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With Housing Affordability Hitting Crisis Levels, Developers Lean Into Public-Private Partnerships

As the nation hurtles toward a recession, housing developers are asking for extra help from the public sector to prevent the affordability crisis from spiraling further out of control.

In Dallas, for instance, city data shows there is a Metroplex-wide shortage of 85,000 units for households making less than 80% of the area median income. That deficit jumps to roughly 186,000 units when the threshold is lowered to 50% AMI, according to the National Low Income Housing Coalition.

Yet there are fewer than 12,000 units supported by housing programs in production in Dallas — a stark reminder of just how much work still needs to be done to meet demand.


“It’s a drop in the bucket,” city of Dallas Director of Housing and Neighborhood Revitalization David Noguera said. “We’ve got to build new tools and adjust our policies to really build at scale.”

DFW is not alone — across the nation, a record housing shortage is driving affordability challenges. New home starts soared in 2021 and 2022, but Harvard University’s most recent State of the Nation’s Housing report says the backlog is so large it could take a decade of record-level homebuilding to make meaningful progress in affordability.

Affordable housing deals are difficult to pencil even in the best economies.

But developers say higher interest rates paired with the rising cost of materials are widening the gap between what a building costs to construct and the level of rent people can afford to pay, making it even harder to get a project across the finish line.

Recessionary impacts are twofold, Dallas-based Builders of Hope President and CEO James Armstrong III said. Additional subsidies are needed to boost the buying power of residents and offset construction costs.

“You have to look for subsidies in every nook and cranny to make these deals work,” he said. “Because the truth of the matter is Dallas is slowly becoming an unaffordable city.”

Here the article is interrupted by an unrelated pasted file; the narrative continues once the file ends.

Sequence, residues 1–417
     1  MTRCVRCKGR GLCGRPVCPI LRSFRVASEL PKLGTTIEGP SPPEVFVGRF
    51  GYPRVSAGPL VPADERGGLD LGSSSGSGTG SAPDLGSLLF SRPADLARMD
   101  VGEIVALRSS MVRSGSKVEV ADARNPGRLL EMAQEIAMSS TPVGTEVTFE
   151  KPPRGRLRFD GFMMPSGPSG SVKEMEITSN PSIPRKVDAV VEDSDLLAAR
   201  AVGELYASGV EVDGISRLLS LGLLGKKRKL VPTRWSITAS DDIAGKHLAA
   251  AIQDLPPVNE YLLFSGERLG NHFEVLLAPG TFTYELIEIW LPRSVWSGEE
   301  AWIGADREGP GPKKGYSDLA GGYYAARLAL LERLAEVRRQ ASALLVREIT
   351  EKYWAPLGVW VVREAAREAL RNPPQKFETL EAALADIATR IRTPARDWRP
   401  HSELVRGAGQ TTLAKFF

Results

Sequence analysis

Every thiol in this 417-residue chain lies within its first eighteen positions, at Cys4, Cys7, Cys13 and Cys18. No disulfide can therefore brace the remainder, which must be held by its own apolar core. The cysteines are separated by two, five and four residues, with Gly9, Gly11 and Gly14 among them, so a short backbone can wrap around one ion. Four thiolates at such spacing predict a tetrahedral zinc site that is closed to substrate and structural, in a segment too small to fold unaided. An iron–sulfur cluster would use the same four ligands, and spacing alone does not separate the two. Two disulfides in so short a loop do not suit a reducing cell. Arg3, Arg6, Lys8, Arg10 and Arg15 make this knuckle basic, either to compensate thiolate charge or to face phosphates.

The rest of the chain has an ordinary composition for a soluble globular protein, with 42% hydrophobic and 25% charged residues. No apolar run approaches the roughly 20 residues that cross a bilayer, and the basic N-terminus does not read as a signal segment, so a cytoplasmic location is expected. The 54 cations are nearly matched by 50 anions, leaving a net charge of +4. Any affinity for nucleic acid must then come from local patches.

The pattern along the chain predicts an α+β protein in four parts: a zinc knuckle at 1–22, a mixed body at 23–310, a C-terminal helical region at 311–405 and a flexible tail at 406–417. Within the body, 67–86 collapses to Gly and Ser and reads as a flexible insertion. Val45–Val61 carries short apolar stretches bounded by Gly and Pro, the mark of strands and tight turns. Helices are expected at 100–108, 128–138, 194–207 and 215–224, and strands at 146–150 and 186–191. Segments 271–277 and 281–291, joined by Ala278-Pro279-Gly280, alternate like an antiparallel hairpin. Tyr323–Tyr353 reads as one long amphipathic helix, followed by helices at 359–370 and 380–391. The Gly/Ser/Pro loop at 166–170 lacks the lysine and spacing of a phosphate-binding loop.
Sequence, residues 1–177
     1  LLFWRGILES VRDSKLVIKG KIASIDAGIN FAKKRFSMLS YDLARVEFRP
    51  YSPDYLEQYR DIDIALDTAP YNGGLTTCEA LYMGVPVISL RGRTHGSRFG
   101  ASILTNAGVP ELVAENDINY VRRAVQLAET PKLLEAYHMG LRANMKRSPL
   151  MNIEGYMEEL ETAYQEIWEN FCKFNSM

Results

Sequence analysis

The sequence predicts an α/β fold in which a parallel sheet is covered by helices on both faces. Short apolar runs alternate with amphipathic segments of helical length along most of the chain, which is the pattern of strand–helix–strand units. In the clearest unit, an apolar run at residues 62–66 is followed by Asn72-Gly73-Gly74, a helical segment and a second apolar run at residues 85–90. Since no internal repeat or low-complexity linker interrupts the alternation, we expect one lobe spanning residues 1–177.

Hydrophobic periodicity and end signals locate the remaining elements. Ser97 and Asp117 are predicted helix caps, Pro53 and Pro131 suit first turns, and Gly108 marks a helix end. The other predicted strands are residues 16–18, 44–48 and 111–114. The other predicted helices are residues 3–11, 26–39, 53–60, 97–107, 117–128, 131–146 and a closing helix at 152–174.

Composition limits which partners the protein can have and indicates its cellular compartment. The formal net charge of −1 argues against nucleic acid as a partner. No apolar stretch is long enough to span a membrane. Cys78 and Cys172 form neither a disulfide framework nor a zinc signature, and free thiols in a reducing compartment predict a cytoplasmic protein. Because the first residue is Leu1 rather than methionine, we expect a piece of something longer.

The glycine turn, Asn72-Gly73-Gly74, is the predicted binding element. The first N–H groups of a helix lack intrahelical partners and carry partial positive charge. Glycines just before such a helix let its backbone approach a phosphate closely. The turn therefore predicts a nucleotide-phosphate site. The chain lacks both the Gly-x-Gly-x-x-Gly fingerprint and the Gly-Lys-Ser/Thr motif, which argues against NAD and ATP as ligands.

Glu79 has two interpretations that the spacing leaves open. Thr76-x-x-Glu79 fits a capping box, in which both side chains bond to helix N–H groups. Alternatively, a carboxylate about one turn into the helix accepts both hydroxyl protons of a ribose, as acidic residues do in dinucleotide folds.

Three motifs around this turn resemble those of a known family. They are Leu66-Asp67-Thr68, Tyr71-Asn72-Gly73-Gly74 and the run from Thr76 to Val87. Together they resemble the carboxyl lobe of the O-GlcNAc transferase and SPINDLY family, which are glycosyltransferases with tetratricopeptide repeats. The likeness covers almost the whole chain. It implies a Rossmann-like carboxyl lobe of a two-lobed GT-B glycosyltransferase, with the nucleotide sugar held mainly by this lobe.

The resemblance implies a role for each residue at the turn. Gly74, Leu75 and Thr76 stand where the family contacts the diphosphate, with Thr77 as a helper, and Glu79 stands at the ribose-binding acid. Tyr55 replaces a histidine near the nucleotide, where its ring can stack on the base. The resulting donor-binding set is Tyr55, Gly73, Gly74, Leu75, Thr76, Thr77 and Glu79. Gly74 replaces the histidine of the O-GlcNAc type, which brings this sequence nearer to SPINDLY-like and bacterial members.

Over the past few months, the city of Dallas has experienced a major uptick in the number of developers requesting subsidies, Noguera said. For Builders of Hope’s 20-unit, single-family project underway in West Dallas, the city kicked in $1.5M, which Armstrong said translated to roughly $50K of subsidy for the construction of each home.

“When I started about four years ago, our hard cost number was right at $85 per SF. Now, it’s edging closer to $120,” he said. “In this high interest rate, inflationary environment, families making around or below 80% AMI are no longer able to afford homes in the city of Dallas.”

Subsidies are one way the public realm can alleviate some of the burden on affordable and workforce housing developers. Other options, such as tax credits and density bonuses, are also on the table. Those two programs, Noguera said, helped to produce close to 10,000 units in the pipeline.

“On a daily basis we are talking to developers from all over the country who want to work in Dallas,” he said. “And these are the two programs they’re utilizing.”

Armstrong's Trinity West project will bring affordable housing to West Dallas.

High levels of in-migration and a superior job market have spurred extraordinary demand for housing in DFW, which drives up prices and creates an environment of competition between market-rate and affordable developers, said Jason Arechiga, senior vice president at The NRP Group.